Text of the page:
Route to Balanced Rock

Pioneer cover

From the press release: From the moment he is handed a possibility of making the first alien contact, Saunders Maxwell decides he will do it, even if doing so takes him through hell and back.

Unfortunately, that is exactly where that journey takes him.

The vision that Zimmerman paints of vibrant human colonies on the Moon, Mars, the asteroids, and beyond, indomitably fighting the harsh lifeless environment of space to build new societies, captures perfectly the emerging space race we see today.

He also captures in Pioneer the heart of the human spirit, willing to push forward no matter the odds, no matter the cost. It is that spirit that will make the exploration of the heavens possible, forever, into the never-ending future.

Available everywhere for $3.99 (before discount) at amazon, Barnes & Noble, all ebook vendors, or direct from the ebook publisher, ebookit.

Route to Balanced Rock on Mars

The image above is a panorama I have created from the raw images taken by Curiosity’s left navigation camera today, using this image for the left half and this image for the right half. They show the terrain in front of the rover, including the balanced rock on the horizon, indicated by the arrow.

I have no idea what route the science team plans, but looking at all of the images, as well as their desire to get a closer look at the rock, I suspect they will head up to the left on the smoother ground, aiming almost directly at the balanced rock. I also suspect that they will eventually veer right before getting to the rock, since the rover can’t go over the rough terrain in that area. Stay tuned to find out.


Every July, to celebrate the anniversary of the start of Behind the Black in 2010, I hold a month-long fund-raising campaign to make it possible for me to continue my work here for another year.

This year's fund-raising drive however is more significant in that it is also the 10th anniversary of this website's founding. It is hard to believe, but I have been doing this for a full decade, during which I have written more than 22,000 posts, of which more than 1,000 were essays and almost 2,600 were evening pauses.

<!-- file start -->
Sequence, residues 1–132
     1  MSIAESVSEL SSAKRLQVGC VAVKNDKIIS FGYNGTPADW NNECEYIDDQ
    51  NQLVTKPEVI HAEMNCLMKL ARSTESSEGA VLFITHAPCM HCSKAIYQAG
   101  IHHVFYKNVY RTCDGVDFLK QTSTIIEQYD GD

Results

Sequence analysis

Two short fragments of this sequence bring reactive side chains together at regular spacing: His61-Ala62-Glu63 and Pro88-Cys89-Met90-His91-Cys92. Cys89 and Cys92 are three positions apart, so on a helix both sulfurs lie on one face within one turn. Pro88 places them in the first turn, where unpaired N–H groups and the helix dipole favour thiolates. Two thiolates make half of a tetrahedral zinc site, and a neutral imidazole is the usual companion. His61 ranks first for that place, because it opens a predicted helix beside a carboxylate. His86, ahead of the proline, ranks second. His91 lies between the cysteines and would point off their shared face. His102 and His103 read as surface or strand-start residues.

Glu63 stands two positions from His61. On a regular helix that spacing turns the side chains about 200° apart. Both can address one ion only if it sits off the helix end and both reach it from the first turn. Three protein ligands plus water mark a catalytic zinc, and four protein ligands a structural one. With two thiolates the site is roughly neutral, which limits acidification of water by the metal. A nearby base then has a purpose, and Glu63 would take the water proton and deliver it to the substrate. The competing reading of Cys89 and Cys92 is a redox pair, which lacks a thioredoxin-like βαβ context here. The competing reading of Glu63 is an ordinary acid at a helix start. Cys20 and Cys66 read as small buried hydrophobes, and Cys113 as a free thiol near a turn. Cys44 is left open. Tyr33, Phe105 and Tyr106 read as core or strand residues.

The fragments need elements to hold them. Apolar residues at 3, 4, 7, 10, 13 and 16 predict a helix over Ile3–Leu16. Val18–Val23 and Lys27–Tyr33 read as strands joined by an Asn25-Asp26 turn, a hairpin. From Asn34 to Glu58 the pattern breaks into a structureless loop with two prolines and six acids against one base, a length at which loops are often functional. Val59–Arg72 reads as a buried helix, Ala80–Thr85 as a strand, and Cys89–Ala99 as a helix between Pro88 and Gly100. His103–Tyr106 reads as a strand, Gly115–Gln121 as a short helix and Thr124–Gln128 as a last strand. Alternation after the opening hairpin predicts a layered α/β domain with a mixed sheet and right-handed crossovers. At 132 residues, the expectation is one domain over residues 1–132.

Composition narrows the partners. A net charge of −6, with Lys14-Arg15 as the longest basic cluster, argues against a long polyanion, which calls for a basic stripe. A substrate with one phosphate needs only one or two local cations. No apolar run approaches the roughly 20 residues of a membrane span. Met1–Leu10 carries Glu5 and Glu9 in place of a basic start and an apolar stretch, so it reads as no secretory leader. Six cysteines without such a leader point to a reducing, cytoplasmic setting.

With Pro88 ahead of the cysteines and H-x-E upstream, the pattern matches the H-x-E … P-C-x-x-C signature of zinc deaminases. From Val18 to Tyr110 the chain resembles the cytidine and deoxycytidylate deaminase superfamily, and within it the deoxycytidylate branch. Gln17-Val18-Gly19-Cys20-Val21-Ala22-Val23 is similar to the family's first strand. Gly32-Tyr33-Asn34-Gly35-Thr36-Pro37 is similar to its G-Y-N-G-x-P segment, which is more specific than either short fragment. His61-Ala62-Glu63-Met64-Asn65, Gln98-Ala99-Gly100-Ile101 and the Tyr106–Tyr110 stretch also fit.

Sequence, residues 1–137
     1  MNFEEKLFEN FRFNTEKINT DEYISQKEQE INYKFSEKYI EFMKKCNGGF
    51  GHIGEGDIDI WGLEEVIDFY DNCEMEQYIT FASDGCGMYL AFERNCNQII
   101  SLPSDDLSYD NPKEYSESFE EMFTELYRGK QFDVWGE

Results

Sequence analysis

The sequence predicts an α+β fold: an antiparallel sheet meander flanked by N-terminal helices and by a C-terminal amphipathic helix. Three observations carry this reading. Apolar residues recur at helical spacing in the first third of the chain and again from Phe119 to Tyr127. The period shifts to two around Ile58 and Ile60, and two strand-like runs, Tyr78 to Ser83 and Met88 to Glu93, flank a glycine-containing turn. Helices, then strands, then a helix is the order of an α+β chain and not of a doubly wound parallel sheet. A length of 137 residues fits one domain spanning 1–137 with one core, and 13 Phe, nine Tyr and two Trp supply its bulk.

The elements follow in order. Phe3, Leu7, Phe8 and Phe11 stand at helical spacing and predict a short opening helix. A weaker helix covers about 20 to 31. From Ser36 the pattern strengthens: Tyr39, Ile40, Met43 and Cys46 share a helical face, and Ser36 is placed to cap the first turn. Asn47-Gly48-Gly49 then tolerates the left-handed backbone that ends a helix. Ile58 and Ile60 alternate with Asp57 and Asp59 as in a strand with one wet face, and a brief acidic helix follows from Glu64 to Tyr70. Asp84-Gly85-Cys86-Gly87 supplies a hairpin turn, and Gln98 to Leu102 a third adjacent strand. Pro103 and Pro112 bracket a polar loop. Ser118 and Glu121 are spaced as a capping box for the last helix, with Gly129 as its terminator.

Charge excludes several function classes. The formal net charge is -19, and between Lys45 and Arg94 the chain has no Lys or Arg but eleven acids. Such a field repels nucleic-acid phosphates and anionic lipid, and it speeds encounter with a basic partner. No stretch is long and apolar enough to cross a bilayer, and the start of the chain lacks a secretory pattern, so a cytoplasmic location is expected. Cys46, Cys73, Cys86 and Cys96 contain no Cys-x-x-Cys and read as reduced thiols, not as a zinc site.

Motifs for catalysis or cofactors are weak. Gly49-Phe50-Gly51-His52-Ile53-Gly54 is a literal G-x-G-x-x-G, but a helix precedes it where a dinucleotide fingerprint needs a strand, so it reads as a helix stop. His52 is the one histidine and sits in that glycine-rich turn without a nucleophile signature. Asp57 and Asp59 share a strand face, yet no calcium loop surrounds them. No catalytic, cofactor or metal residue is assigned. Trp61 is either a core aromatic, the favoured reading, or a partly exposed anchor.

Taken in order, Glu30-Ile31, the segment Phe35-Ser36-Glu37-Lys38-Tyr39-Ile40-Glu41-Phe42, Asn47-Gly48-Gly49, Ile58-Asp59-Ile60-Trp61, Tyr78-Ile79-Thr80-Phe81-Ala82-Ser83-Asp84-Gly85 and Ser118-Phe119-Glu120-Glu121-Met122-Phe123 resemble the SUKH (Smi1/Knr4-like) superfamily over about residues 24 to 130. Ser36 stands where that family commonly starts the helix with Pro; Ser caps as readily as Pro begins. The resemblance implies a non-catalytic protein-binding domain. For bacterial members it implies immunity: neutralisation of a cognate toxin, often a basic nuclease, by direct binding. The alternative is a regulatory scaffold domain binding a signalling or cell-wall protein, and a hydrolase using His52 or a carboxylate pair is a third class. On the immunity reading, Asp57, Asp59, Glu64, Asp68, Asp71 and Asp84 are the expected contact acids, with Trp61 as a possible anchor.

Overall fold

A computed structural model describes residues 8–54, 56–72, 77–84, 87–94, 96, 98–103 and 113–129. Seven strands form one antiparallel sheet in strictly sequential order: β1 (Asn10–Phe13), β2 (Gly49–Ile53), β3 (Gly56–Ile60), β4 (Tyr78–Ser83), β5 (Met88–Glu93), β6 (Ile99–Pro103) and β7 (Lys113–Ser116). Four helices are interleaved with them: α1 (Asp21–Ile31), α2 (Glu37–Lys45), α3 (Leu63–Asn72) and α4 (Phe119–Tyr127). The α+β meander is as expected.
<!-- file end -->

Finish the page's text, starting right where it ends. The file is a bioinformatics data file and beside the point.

This year's fund drive is also more important because of the growing intolerance of free speech and dissent in American culture. Increasingly people who don't like what they read are blatantly acting to blackball sites like mine. I have tried to insulate myself from this tyrannical effort by not depending on Google advertising or cross-posts Facebook or Twitter. Though this prevents them from having a hold on me, it also acts to limit my exposure.

Therefore, I hope you will please consider donating to Behind the Black, by giving either a one-time contribution or a regular subscription, as outlined in the tip jar below. Your support will allow me to continue covering science and culture as I have for the past twenty years, independent and free from any outside influence.


Regular readers can support Behind The Black with a contribution via paypal:

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If Paypal doesn't work for you, you can support Behind The Black directly by sending your donation by check, payable to Robert Zimmerman, to
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  • Wayne

    Mr Z– what software do you use for image manipulation?

  • DJN

    something running in Linux no doubt.

  • I use the Gimp, which is cross platform and will work on both Windows, Apple, and Linux machines. It is as capable as Photoshop, and free.

  • Localfluff

    Those vertically exposed layered rocks should reveal some geological history. That’s the stuff Curiosity was designed to investigate with its arm and its laser. Now we’re getting somewhere. The warranty has expired, the wheels are wearing down and we’ve just had a safety mode, I hope they manage to get close enough to those rock layers soon.

    Anyway, they can’t resist pushing that rock over with the arm. Imagine the destiny. Heard from passing aliens long ago but not far away:
    -Maybe Earth develops life and a civilization that sends a rover there to push it over 4 billion years from now?
    -Yeah, sure, weirdo!

    I don’t see much about this rock on other blogs and space news sites. It is surely destroying Emily Lakdawalla’s vacation unless she is completely disconnected. Astronomers are on summer vacation. They never really left student life, you know. Other branches of the natural sciences have close contact with industries in the real world and social sciences do too, and humaniora with mass media and publishing. But the astronomers are for themselves and now they are on their 10 week summer break.

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